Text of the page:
As computers get more powerful and arrays of computing power cheaper, cracking passwords has gotten easier and more affordable. In response to this, many IT organizations have taken the knee-jerk "best practice" approach of requiring complex passwords. You know, the ones that require "At least one uppercase letter, at least one lowercase letter, one or more numbers and one or more symbols"

xkcd did a great job tackling this one some time ago, so I'll simply refer you to that:

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Not to mention that passwords that are more secure (using things other than simple substitutions) are often written down and stored near the computer somewhere. This is especially true for ones which don't get used often.

A better choice would be to, during the password setup/registration process, do a server-side lookup of the password and see if it's in a dictionary (spell checkers have good dictionaries). If it is, tell the user they need to pick something else, or use multiple words together. It's really not that hard to do.

These same companies/sites etc. will often require you to change your password every X days, and then not allow you to reuse any of the past X (where X is often a year's worth) passwords. Understand that this results in people writing down their passwords. Sorry, SSL and fancy database-level hashes don't cover notebook paper or post-it notes.

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Plus, not every site needs to be secured like Fort Knox. I love seeing forums with these really "strong" password requirements. Really, it's a forum, not an ICBM launch control center.

Limiting Password Length to 8 or 12 Characters

On the opposite side of things, we have passwords of limited length. I've been to more than a few sites which limit passwords to 8 or 12 (and one was 6!) characters.

Dear banks and other sites: It's time to update your fixed-width COBOL field to something a little longer. With all the other complexities you've added for security, you've completely thrown it out the window by restricting us to overly short passwords. That known restriction makes it easier for hackers to calculate passwords both because they have a known upper bound and because short passwords are easier to crack. One of the most important aspects of password strength is the length of the password (assuming it's not a simple dictionary word).

Not allowing "Special" or Foreign Characters in Passwords / Answers

Similar to the password length issue, we have sites that tell you *no* special characters or spaces. It's like the password must be a valid COBOL identifier or something. Similar restrictions often exist for answers to the security questions. You can see in my bank above, they tell you you shouldn't have "special" characters in the answers.

Not everyone in America was born here. When you ask "Which street did you grow up on" and them disallow "special" characters, you've made it hard for some people to provide real answers. Use a MBCS or Unicode field. ASCII is so 1985.

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Not only that, but instructing against using "special" characters tells me that your data layer or parsing system is probably brittle. It gives the hacker another clue into your implementation. I hope you're not just building up a SQL string in that code, are you? If so, let me introduce you to little Bobby Tables.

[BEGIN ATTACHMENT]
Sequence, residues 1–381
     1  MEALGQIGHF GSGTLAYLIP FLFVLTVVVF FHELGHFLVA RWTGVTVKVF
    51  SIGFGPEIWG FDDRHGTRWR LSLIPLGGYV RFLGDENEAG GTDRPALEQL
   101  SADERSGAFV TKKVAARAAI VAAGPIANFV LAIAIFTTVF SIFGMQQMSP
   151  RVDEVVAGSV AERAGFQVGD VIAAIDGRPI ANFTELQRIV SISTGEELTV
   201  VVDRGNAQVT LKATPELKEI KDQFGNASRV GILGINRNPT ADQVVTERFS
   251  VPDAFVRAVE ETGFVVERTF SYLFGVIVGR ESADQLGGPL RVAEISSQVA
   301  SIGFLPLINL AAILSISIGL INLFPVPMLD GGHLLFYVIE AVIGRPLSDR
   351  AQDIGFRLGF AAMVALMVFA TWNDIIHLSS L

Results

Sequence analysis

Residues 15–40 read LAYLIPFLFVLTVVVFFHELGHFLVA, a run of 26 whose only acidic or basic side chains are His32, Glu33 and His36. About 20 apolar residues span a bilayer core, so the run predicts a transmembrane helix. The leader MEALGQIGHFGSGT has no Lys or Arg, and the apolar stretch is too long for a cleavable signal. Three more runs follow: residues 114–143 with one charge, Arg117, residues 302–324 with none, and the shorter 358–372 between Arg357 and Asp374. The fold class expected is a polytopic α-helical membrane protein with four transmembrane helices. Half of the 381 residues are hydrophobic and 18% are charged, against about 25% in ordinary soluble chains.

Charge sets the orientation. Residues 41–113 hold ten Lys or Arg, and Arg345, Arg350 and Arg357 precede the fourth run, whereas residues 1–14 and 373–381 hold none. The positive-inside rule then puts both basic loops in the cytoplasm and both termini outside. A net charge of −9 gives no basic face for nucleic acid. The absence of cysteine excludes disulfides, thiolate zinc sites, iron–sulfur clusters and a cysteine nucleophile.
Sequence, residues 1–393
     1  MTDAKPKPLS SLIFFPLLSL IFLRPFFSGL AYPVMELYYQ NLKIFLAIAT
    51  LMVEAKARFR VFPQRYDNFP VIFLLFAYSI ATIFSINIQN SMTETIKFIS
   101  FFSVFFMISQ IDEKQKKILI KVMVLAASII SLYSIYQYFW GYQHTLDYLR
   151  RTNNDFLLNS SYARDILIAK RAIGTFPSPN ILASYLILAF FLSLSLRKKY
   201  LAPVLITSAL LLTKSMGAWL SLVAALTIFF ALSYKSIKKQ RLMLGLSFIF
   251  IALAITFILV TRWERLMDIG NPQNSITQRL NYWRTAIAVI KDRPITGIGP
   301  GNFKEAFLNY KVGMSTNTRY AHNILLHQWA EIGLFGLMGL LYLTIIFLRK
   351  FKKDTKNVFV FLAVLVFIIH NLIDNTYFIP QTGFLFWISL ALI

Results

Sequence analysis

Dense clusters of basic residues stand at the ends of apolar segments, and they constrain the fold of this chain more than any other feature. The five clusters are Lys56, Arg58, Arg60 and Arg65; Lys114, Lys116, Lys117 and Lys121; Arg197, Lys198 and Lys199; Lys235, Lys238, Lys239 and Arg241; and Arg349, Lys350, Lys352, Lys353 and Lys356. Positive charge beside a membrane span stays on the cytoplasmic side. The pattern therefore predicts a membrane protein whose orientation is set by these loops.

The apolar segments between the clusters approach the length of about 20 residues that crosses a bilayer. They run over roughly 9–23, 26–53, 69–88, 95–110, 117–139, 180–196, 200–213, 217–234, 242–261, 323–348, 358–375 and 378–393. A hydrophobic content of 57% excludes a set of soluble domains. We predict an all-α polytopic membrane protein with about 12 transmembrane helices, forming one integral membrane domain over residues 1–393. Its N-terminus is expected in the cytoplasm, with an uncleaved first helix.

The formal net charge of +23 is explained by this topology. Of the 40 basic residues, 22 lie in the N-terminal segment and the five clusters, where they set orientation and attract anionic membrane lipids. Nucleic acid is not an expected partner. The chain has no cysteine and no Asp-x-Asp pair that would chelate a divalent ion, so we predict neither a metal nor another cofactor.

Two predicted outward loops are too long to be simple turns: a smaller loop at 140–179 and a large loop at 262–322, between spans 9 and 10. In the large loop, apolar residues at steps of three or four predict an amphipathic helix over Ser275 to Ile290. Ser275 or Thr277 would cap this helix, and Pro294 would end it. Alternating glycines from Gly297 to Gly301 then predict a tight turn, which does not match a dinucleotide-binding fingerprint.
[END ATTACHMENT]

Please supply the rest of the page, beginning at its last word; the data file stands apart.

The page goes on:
Password Masking

While I'm at it, password masking should always be optional. Have a checkbox near the password box so you can decide not to mask it if you want to. This is especially important for small devices.

99% of the time, when I type a password or a giant WPA passkey, I'm in my home office with no one else around. Most phones and tablets handle this by letting you see the typed character for a second before it's masked, but I shouldn't have to shift focus that much. I'm not a great touch-typist on phone keyboards (autocorrect helps a lot, but not with passwords), let's not use touch-typing approaches here.

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I recently had to type the (long) WPA passkey on to my son's new Nintendo 3DS. The virtual keyboard on that thing makes the smallest phone seem spacious. It's designed to be typed using a stylus. And yes, it's masked as you type and you can't unmask it. If you get it wrong (which I did the first time, as the key is case-sensitive), they clear out the whole field and make you start over. Bite me, Nintendo.

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Summary

There are many things you can do to increase the security of your system without making it horrible for users. I am not a security expert, but it seems to me that many of the patterns that are common knowledge "best practices" haven't been actually proven or analyzed by anyone, or more importantly, aren't particularly valid in today's environment.

Anyway, thanks for listening to er..reading my rant. Feel free to rant below if you want ( <-lame attempt at starting a "discussion". Maybe I'll rant on blogging anti-patterns too)

         
posted by Pete Brown on Tuesday, February 14, 2012
filed under:          

10 comments for “UX Anti Patterns for Security on the Web and in the Enterprise”

  1. Biff Gautsays: